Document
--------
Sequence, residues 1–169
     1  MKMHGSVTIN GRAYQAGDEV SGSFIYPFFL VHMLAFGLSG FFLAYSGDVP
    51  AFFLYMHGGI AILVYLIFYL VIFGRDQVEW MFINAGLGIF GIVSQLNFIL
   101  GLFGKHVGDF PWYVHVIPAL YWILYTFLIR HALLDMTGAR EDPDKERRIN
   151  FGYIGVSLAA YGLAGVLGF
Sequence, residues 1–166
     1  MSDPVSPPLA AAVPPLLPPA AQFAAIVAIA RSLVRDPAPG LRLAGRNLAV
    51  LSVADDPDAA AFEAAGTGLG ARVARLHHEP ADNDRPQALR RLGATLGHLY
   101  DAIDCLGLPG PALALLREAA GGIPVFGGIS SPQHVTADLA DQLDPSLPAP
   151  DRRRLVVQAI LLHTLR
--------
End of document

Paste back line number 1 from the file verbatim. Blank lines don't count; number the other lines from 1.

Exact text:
Sequence, residues 1–169